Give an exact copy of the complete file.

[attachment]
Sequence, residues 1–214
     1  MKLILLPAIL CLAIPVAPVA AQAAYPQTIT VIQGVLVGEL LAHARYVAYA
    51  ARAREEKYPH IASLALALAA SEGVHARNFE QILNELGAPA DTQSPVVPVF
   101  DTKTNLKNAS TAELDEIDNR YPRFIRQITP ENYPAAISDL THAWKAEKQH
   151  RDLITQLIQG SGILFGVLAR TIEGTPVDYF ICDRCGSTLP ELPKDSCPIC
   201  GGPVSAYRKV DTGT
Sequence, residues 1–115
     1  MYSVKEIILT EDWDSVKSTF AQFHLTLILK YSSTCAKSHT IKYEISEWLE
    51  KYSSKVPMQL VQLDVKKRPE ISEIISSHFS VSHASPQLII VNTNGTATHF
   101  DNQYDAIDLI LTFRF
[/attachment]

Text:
Sequence, residues 1–214
     1  MKLILLPAIL CLAIPVAPVA AQAAYPQTIT VIQGVLVGEL LAHARYVAYA
    51  ARAREEKYPH IASLALALAA SEGVHARNFE QILNELGAPA DTQSPVVPVF
   101  DTKTNLKNAS TAELDEIDNR YPRFIRQITP ENYPAAISDL THAWKAEKQH
   151  RDLITQLIQG SGILFGVLAR TIEGTPVDYF ICDRCGSTLP ELPKDSCPIC
   201  GGPVSAYRKV DTGT
Sequence, residues 1–115
     1  MYSVKEIILT EDWDSVKSTF AQFHLTLILK YSSTCAKSHT IKYEISEWLE
    51  KYSSKVPMQL VQLDVKKRPE ISEIISSHFS VSHASPQLII VNTNGTATHF
   101  DNQYDAIDLI LTFRF